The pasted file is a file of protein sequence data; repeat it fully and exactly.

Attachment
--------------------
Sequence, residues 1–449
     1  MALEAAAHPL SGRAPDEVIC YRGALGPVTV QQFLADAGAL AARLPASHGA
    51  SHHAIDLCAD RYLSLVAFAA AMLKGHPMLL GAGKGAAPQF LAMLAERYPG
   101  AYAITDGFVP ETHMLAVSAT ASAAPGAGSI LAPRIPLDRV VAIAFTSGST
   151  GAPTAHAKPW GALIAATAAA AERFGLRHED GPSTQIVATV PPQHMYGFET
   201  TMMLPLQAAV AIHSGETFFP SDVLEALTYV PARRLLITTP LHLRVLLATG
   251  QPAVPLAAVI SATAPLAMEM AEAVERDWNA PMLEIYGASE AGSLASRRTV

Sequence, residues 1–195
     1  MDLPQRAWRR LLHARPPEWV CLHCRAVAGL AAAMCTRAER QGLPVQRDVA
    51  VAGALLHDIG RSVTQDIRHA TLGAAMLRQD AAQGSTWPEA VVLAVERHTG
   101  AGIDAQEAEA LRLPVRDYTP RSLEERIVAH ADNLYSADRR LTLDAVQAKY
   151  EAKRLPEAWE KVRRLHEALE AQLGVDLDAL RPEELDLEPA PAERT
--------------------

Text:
Sequence, residues 1–449
     1  MALEAAAHPL SGRAPDEVIC YRGALGPVTV QQFLADAGAL AARLPASHGA
    51  SHHAIDLCAD RYLSLVAFAA AMLKGHPMLL GAGKGAAPQF LAMLAERYPG
   101  AYAITDGFVP ETHMLAVSAT ASAAPGAGSI LAPRIPLDRV VAIAFTSGST
   151  GAPTAHAKPW GALIAATAAA AERFGLRHED GPSTQIVATV PPQHMYGFET
   201  TMMLPLQAAV AIHSGETFFP SDVLEALTYV PARRLLITTP LHLRVLLATG
   251  QPAVPLAAVI SATAPLAMEM AEAVERDWNA PMLEIYGASE AGSLASRRTV

Sequence, residues 1–195
     1  MDLPQRAWRR LLHARPPEWV CLHCRAVAGL AAAMCTRAER QGLPVQRDVA
    51  VAGALLHDIG RSVTQDIRHA TLGAAMLRQD AAQGSTWPEA VVLAVERHTG
   101  AGIDAQEAEA LRLPVRDYTP RSLEERIVAH ADNLYSADRR LTLDAVQAKY
   151  EAKRLPEAWE KVRRLHEALE AQLGVDLDAL RPEELDLEPA PAERT